Professor Chadwick writes with a sensitive empathy with the Roman Catholic mind. A well-organised index and a copious descriptive bibliography complete this magesterial and entertaining monograph. - Journal of Ecclesiastical History, Vol.52/3
Chadwick's informative study is written, as one would expect, with wit and with a sinewy elegance. Part of his secret is his ability to blend material culled from primary and secondary sources with entertaining and revealing case studies and anecdotes. - Journal of Ecclesiastical History, Vol.52/3
The four pontificates are treated in such breadth that we have what comes to a history of eight-and-a-half decades of Roman Catholicism ... Chadwick depicts the four pontiffs vividly. - Journal of Ecclesiastical History, Vol.52/3
compelling and compendious study - Journal of Ecclesiastical History, Vol.52/3
the chief merit of this volume is Chadwick's balance in treating and assessing the issues in a series of dramatic confrontations and the character, strengths, and limitations of the popes and many of the other protagonists. - Joseph A. Komonchak, Theological Studies, March 00, Vol.61, No.1.
quintessential Chadwick: history well researched, attentive to primary sources, covering a wide range of literature, even Italian. He contextualizes the creeping, even galloping centralism that has become characteristic of modern papal governance. Despite his principal preoccupations with church-state issues, he also analyzes properly theological themes. - Michael A. Fahey, S.J., Church History, March 2000, Vol.69, No.1.
a magisterial study. Even what is modestly described as a 'select bibliography' is outstanding. - Michael A. Fahey, S.J. Church History, March 2000, Vol.69, No.1.
Chadwick provides a scholarly but sympathetic picture of the popes who had confronted the problems of secularization, the impositions of nationalism and liberalism, and the loss of the temporal power. - Frank J. Coppa, Jnl of Church & State, Winter 2000.
fair and objective in his assessment of both theological and political issues ... Possessing vast knowledge of the facts, an unerring eye for significant detail, a ready wit, and a facile style, Chadwick reveals a mastery of the Latin, Italian, French, German, English, and Spanish sources, which are listed in the biography. - Frank J. Coppa, Jnl of Church & State, Winter 2000.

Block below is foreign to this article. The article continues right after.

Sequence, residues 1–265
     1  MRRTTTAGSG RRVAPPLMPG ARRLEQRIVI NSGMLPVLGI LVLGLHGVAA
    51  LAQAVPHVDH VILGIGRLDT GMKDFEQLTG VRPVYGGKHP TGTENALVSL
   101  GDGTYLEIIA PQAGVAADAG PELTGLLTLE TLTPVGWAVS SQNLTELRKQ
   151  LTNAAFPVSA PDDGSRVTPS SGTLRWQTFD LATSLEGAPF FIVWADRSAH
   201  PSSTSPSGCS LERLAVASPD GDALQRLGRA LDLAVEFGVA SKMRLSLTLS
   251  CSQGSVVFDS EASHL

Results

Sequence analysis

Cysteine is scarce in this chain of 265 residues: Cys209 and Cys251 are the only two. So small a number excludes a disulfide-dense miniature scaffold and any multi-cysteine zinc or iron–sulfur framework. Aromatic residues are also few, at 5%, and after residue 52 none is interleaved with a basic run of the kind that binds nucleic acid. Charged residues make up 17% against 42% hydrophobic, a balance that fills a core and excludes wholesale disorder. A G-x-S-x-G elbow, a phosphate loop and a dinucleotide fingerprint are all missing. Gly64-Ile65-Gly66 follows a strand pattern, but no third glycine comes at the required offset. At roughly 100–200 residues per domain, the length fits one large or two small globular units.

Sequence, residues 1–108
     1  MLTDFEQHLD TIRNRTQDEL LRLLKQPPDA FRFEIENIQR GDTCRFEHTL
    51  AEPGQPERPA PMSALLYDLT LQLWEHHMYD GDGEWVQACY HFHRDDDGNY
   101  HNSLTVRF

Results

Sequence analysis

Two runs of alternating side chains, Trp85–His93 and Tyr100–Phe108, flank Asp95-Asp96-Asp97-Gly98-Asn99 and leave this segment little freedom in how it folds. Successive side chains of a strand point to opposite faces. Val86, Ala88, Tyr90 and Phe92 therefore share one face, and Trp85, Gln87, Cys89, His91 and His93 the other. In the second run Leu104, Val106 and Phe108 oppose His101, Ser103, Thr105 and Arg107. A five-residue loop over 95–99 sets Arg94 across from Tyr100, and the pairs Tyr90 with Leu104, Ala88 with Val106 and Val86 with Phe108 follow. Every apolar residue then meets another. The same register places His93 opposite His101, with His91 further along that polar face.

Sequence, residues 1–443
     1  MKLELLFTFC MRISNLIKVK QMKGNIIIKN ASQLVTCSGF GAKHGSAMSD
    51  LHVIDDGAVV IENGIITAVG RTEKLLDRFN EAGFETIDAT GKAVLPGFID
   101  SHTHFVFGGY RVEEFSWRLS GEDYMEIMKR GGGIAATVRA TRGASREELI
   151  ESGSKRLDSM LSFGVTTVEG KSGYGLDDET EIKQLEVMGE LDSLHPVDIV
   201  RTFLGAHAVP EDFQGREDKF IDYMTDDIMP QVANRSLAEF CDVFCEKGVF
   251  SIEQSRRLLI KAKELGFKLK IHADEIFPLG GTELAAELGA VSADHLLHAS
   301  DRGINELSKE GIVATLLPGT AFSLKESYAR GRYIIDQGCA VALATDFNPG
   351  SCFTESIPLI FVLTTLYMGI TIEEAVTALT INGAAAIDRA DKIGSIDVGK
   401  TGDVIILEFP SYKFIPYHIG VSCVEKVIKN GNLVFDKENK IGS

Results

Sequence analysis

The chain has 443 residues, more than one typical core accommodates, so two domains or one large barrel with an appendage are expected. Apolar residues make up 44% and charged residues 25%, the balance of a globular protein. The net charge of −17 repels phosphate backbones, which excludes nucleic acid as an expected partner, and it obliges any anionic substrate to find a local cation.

A new volume in the Oxford History of the Christian Church, of which the brothers Chadwick are the editors, must be noteworthy, and this one is much to be welcomed ... Professor Chadwick is a prose artist and the book is often delightful to read ... This one is something of a jewel in an already distinguished series; an interpretive study which, even if only the brightest undergraduates will get the best out of it, other scholars cannot but find stimulating and provocative. - John M Roberts, EHR, November 1999
is the most detailed English work to date in this field ... it provides essential background for anyone who wishes to understand the significant political and spiritual contributions made by the papacy in the twentieth century ... This book should remain a standard in the field of papal studies for years to come. - J. Francis Watson, History
wonderful book ... Chadwick's heart is clearly with Pius IX and the account here given of him and his long pontificate of 32 years could be claimed as definitive ... there are twelve fascinating pages on Benedictine history ... It is beautifully written in the best Chadwickian style. - Journal of Theological Studies April 1999
Chadwick brings to his narrative a magisterial knowledge of the literature in every major European language, an unerring instinct for the telling detail that reveals more than pages of analysis, a broad and non-judgemental human sympathy ... Marvellous on the Churches and bishops of France and Germany, fascinating on tensions in Russia and Poland ... the whole book is full of compassion and insight, the mature product of a great and wise historian. - The Tablet
A sympathetic introduction to four popes and their interaction with religion and politics on the mainland in a period of decisive transitions ... Owen Chadwick would have made a wise cardinal and perhaps even a nice pope. His cogent analysis of the electoral process would seem to suggest that we keen an eye out for a retiring Italian diplomat who likes to stay at home, his windows slightly ajar. - Irish Theological Quarterly
Chadwick is always informative, and writes with a sympathetic understanding, even of Pius IX and the Syllabus of Errors, which many a professedly Roman Catholic historian might find it difficult to emulate ... Reading through this text, one cannot but be impressed by the immense range of Professor Chadwick's reading and his knowledge. - Michael J Walsh, Heythrop Journal, Vol 40, no 4, Oct 99